Warm ocean explains Antarctic ice shelf collapse
Press release issued: 30 October 2003
A giant ice shelf the size of Scotland is melting rapidly in warm Antarctic waters, a report in Science will reveal today.
A giant ice shelf the size of Scotland is melting rapidly in warm Antarctic waters, a report in Science will reveal today. Thinning of the Larsen Ice Shelf - vast sections of which collapsed catastrophically during the past decade – was discovered by scientists at the University of Cambridge, University College London, University of Bristol and the Instituto Antártico Argentino. The findings suggest that Antarctica may be more sensitive to the effects of global warming than was previously thought.
The floating Larsen Ice Shelf fringes the east coast of the Antarctic Peninsula at the northernmost reaches of the continent, and for several decades its gradually warming climate and episodes of wholesale ice shelf disintegration have been the subject of much scientific debate. Until now, neither the method of ice shelf collapse nor the source of the climate warming has been clarified. This study reveals that the Larsen Ice Shelf has thinned by as much as 18 metres over the past decade due to enhanced ocean melting - the first evidence of a widespread mass imbalance that has likely rendered the ice shelf susceptible to crevasse fracture.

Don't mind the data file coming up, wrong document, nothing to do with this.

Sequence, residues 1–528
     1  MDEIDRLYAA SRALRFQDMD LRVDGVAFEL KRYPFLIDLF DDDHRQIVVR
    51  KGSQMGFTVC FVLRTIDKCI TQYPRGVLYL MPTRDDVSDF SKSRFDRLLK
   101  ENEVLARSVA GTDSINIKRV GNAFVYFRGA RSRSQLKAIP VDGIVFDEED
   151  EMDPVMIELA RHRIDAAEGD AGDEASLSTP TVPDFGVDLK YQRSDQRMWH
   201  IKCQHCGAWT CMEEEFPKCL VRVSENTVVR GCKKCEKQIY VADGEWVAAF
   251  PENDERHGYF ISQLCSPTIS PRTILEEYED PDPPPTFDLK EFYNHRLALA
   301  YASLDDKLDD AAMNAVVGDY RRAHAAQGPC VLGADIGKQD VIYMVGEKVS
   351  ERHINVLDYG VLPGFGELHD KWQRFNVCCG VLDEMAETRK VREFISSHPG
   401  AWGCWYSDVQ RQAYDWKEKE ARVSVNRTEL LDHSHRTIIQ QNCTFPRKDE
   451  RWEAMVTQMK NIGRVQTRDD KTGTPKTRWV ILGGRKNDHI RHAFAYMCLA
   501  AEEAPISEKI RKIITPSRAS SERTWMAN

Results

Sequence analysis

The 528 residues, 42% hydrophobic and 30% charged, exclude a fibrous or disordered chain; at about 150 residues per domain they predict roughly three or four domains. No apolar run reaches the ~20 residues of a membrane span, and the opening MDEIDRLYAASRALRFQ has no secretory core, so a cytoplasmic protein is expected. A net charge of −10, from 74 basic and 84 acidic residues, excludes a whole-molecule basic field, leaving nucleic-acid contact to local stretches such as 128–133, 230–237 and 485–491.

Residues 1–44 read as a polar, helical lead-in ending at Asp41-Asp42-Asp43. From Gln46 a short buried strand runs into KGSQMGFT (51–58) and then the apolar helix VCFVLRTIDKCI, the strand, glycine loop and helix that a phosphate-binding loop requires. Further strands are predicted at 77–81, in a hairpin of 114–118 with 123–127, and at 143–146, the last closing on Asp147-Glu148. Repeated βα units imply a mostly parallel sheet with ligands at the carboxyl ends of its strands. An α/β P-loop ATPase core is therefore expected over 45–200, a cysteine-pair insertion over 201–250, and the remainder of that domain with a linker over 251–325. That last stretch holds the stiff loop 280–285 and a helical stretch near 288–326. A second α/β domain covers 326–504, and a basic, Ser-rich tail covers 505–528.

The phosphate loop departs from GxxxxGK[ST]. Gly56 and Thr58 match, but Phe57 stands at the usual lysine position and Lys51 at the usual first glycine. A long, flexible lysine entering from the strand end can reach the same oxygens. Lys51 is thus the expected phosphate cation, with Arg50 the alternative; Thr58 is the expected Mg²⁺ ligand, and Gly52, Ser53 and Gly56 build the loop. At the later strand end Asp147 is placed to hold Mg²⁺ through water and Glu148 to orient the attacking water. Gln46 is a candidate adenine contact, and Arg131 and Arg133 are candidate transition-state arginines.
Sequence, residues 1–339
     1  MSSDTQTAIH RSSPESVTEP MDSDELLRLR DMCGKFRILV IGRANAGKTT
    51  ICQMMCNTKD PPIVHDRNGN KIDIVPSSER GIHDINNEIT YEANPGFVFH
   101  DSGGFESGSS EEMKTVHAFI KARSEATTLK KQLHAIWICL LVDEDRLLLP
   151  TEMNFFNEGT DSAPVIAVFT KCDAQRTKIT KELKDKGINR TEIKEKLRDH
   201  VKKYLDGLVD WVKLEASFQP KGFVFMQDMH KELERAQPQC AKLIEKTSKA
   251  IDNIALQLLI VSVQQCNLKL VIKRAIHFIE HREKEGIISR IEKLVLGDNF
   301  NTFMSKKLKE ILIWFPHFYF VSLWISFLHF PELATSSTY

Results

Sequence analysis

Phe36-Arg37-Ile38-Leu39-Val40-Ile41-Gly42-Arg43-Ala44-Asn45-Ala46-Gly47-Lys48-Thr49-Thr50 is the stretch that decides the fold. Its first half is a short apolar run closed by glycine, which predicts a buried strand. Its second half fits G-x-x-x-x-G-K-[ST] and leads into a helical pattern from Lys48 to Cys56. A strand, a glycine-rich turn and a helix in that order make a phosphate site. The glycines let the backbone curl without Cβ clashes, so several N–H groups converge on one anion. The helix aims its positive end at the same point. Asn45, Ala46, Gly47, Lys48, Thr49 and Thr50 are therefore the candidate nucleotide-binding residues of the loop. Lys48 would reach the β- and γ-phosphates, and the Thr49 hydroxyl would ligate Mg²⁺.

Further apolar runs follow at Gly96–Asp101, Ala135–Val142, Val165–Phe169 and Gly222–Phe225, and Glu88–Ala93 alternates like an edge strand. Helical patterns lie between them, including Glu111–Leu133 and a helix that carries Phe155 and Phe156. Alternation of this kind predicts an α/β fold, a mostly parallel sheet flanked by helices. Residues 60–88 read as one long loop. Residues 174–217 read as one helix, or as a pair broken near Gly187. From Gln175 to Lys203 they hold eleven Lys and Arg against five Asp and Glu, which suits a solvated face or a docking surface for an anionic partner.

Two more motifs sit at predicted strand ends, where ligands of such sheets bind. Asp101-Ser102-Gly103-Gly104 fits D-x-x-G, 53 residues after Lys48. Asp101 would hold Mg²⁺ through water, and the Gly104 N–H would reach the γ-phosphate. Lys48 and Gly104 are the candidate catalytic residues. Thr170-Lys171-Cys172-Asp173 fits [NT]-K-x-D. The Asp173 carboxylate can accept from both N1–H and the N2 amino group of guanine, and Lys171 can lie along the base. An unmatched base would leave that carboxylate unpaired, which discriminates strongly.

Using radar measurements from European Space Agency satellites – accurate to within 20 centimetres – the team have been mapping the height of the Larsen Ice Shelf surface since 1992. After accounting for the movement of ocean tides, the data revealed a clear pattern of surface lowering across the majority of the Larsen Ice Shelf. After eliminating other potential causes of lowering – such as increased summer melt water production – the team were able to attribute the signal to enhanced melting at the Larsen Ice Shelf base.
The Larsen Ice Shelf melting is releasing vast quantities of ice-cold water into the world’s oceans - equivalent to a staggering eight times the River Thames’ yearly outflow – creating a disturbance that may have wider implications for patterns of global ocean circulation. At these rates, in less than a hundred years the remaining Larsen Ice Shelf will become as thin as the now-disintegrated sections at the time of their collapse. If ocean temperatures continue to rise, disaster may strike even sooner.
Dr Andrew Shepherd at the University of Cambridge said: “We have shown that the Larsen Ice Shelf has progressively thinned due to the combined effects of surface and basal ice melting. This previously undetected imbalance may provide a simple link between the regional climate warming and the successive disintegration of Larsen Ice Shelf sections, and suggests that fluctuations in the surrounding ocean should be considered in any future assessment of the regions climate change.”